Atherosperma. Atherosperma moschatum Labill. Australian Sassafras. (Fam. Monimiaceae.]—The bark of this tree, a native of Southern Australia, is said to have been long used by the aborigines, and later by the settlers, in rheumatism and in secondary syphilis, and has been highly commended by Grooves (L. L., 1862) in acute bronchitis. It has been stated that both the bark and the volatile oil are powerful poisons, and Zeyer (Vierteljahrschr. f. Pract. Pharm., x, 504) obtained from the drug an alkaloid, atherospermine (C30H20NO5); see also Wittstein's Organic Constituents of Plants, 20. The abundant volatile oil is light yellow, and has a pleasant aromatic odor and taste, resembling those of oil of sassafras. Scott obtained from the leaves 1.7 to 2.65 per cent. of volatile oil. (J. Chem. S., 101, 1912, 1612.) Ralph Stockman (Lab. Rep. Royal Coll. Phys., vi, 1897) found it to resemble in its physiological action oil of sassafras and other allied volatile oils. He took repeatedly ten minims (0.6 mil) without any pronounced effect, and one fluidrachm (3.75 mils) given to a rabbit caused only temporary stupor, with slowing of the respiration, but not of the pulse. Three fluidrachms (11.25 mils) caused in the rabbit marked depression of the heart and of the respiration, coma, and death in twelve hours by asphyxia.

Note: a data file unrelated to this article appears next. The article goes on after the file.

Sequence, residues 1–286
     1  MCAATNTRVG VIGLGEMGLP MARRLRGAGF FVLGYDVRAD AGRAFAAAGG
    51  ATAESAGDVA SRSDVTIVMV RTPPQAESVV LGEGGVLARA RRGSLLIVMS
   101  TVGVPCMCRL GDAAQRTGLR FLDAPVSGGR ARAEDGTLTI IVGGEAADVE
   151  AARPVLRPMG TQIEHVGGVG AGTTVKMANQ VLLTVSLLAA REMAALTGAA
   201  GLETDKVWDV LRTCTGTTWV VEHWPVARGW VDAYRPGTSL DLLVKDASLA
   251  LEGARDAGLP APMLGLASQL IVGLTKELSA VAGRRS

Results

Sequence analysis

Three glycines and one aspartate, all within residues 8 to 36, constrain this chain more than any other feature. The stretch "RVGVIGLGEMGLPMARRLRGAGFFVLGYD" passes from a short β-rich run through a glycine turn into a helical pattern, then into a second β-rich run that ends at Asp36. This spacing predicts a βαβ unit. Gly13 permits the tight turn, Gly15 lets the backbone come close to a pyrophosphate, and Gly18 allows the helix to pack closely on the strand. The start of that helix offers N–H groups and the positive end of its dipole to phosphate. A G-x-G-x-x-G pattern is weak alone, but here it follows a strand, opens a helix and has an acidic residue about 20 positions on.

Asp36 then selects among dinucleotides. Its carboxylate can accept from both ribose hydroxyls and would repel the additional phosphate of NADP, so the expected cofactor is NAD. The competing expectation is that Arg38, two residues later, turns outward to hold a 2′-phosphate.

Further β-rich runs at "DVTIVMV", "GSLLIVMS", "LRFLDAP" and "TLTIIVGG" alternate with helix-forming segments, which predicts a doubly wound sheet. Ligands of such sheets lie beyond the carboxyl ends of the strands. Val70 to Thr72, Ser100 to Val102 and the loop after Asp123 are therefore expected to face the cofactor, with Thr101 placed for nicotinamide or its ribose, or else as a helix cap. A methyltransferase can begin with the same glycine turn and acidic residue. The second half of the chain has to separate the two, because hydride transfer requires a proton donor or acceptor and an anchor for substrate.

The Dispensatory of the United States of America, 1918, was edited by Joseph P. Remington, Horatio C. Wood and others.